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    High gas prices coupled with decreased driver availability and higher passenger demand have conspired to make senior RSG contributor Sergio Avedian a pretty happy guy – Uber and Lyft are currently showing him the money! How are incentives and fuel surcharges helping Sergio’s bottom line – and what can you learn from Sergio? He’ll break it all down below. 

    As Chairman of the Show Me the Money Club, I stay true to my cause: I only drive when Uber and Lyft ‘Show Me The Money.’ 

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    I mostly am a weekend warrior for a few hours, but this past weekend I exceeded my personal driving limit of about 20 rides. In fact, I pushed myself hard. I had to get the staggered Quest of 30 for $80, and 10 more for another $35 as well as I had to line up all the incentives and make sure they overlapped.

    At RSG, we ran a survey last month regarding high gasoline prices, and it seems like there is a driver shortage again. So being an opportunist, I went to get the money with a clear plan in mind. SMTMC forever!

    Right after this survey was published, Uber and Lyft announced fuel surcharges to be paid directly to Los Angeles drivers. As I mentioned on Inside the Issues with Alex Cohen, this is a reactionary move and definitely not enough. Is it better than nothing? YES!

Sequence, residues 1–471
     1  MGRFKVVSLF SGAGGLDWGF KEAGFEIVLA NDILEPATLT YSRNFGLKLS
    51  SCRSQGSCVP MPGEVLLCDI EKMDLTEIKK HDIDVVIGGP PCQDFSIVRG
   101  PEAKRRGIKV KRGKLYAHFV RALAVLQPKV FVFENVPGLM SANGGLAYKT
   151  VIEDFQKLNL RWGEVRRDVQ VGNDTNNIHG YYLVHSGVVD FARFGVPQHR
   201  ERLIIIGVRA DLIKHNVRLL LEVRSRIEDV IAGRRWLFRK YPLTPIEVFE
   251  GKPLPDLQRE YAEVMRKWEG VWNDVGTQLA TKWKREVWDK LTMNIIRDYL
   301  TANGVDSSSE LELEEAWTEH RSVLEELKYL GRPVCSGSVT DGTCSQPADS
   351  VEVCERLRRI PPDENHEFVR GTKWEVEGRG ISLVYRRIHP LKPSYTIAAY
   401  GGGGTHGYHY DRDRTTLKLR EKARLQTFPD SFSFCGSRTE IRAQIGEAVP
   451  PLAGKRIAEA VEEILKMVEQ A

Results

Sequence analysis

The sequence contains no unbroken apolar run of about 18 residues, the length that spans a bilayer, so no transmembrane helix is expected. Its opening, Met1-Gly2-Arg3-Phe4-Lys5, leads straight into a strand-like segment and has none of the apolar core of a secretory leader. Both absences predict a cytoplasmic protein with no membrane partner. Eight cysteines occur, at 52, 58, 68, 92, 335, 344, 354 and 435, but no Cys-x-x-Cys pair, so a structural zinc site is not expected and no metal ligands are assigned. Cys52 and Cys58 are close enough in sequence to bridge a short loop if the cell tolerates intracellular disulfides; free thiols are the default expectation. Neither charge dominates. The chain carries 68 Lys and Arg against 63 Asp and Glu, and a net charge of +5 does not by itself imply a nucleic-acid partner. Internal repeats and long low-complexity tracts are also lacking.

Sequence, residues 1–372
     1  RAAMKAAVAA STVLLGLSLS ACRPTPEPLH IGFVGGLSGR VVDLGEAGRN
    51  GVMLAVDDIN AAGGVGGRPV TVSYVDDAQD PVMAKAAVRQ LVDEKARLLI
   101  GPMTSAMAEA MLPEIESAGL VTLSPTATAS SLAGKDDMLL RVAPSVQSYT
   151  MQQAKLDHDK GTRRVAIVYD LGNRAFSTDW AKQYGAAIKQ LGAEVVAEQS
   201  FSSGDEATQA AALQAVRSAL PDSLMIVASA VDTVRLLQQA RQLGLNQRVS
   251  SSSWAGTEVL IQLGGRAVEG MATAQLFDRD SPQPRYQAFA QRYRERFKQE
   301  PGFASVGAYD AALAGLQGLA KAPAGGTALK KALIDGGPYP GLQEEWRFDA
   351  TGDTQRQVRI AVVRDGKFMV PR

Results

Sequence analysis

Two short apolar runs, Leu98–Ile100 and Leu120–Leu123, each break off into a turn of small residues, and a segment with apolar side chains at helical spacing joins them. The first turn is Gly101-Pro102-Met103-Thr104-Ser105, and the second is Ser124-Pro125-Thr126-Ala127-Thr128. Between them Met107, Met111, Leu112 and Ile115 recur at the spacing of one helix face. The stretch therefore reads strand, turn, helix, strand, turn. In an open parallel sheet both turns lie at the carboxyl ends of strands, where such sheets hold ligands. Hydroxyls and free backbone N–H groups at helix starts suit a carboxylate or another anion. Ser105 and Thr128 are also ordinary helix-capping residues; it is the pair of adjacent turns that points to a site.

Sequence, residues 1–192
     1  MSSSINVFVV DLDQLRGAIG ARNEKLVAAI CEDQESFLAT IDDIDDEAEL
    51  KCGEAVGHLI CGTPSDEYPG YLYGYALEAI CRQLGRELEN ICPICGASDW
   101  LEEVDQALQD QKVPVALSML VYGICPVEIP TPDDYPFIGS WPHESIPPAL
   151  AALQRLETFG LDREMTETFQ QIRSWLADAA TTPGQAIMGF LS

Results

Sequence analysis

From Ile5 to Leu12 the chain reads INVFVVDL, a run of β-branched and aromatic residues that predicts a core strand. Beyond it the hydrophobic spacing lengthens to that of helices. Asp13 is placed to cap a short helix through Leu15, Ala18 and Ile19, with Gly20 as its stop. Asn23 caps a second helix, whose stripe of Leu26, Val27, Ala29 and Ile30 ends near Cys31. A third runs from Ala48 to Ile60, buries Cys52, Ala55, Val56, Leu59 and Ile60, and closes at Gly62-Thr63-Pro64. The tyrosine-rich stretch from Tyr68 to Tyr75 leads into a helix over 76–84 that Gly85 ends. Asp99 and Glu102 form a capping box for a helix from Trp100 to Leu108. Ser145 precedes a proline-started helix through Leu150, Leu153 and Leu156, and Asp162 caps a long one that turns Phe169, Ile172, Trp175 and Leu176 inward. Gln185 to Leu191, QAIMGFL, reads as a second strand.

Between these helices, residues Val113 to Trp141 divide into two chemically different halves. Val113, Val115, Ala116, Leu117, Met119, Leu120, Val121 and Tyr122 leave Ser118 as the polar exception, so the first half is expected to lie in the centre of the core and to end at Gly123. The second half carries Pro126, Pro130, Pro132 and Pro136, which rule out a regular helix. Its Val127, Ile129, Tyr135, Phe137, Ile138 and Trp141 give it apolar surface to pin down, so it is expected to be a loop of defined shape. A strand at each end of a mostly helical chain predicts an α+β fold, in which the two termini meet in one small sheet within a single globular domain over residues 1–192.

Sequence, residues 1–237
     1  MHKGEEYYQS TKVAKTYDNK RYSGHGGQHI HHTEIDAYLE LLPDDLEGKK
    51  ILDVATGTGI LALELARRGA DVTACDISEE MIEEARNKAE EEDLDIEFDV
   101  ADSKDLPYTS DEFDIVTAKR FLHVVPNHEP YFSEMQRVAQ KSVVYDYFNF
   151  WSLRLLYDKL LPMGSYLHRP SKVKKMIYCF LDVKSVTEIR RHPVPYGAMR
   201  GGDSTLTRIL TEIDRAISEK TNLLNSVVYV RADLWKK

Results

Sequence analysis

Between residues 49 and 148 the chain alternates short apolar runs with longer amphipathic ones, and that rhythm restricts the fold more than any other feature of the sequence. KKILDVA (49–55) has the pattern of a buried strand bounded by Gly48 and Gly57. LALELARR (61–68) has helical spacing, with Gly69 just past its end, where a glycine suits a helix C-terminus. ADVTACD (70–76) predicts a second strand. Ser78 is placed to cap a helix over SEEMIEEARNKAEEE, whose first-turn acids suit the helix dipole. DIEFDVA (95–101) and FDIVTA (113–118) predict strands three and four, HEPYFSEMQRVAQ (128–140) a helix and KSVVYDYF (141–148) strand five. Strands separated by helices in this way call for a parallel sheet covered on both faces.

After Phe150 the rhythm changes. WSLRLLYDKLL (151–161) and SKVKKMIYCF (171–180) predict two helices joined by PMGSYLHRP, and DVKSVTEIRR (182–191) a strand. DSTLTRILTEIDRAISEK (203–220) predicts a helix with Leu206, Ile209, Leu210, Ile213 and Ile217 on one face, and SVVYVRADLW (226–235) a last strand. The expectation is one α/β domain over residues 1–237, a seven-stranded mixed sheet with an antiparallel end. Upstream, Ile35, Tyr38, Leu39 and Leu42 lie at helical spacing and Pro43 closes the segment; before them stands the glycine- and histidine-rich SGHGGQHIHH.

Below, I’ll show how I can earn $45-50 an hour, even with high gas prices, by combining promotions and fuel surcharges. Let’s take a look at my week/weekend results. 

    Do Uber and Lyft Fuel Surcharges Help Drivers?

    The first item to discuss is gasoline. I have a car that averages 30 miles a gallon. It’s not the most economical, but it’s decent for a 4 door midsize SUV. Passengers love the comfortable ride and roominess of it, which also qualifies me for Comfort trips. 

    Looking for a new rideshare vehicle? Take a look at our top recommended cars for rideshare drivers here: The Best Cars for Rideshare in 2022

    During my week and weekend of driving, I bought gas four times, $30 for each purchase, totaling $120. When I got home on Sunday afternoon, I had enough gas left to drive another 100 miles, so Sunday was a minimal mileage, maximum earning day. 

    The fuel surcharge paid for one of my gasoline purchases, and like I said, it is better than nothing.

    I completed 50 trips on Uber and 14 on Lyft during all shifts. The fuel surcharge I receive in Los Angeles is 55 cents. 

    64×55 cents fuel surcharge = $35.20

    $120-$35.20=$84.80 total gas expenditure

    Is There Money to be Made in Rideshare Still?

    Let me start by saying that I had not done 40-50 rides on a week/weekend for a long time, or drove those many hours, but I think it was worth it. 

    I used Lyft Streak bonuses and scheduled rides to get me to the core where Uber’s promos are active. As I previously mentioned, I hate dead miles. I utilized my Destination Filter (DF), and the Lyft Scheduled Ride Strategy and had the specific scheduled trip be the first leg of a Streak bonus to get me to the city center. 

    Once I got there, I switched to Uber and started cashing in on the incentives and Surge rides.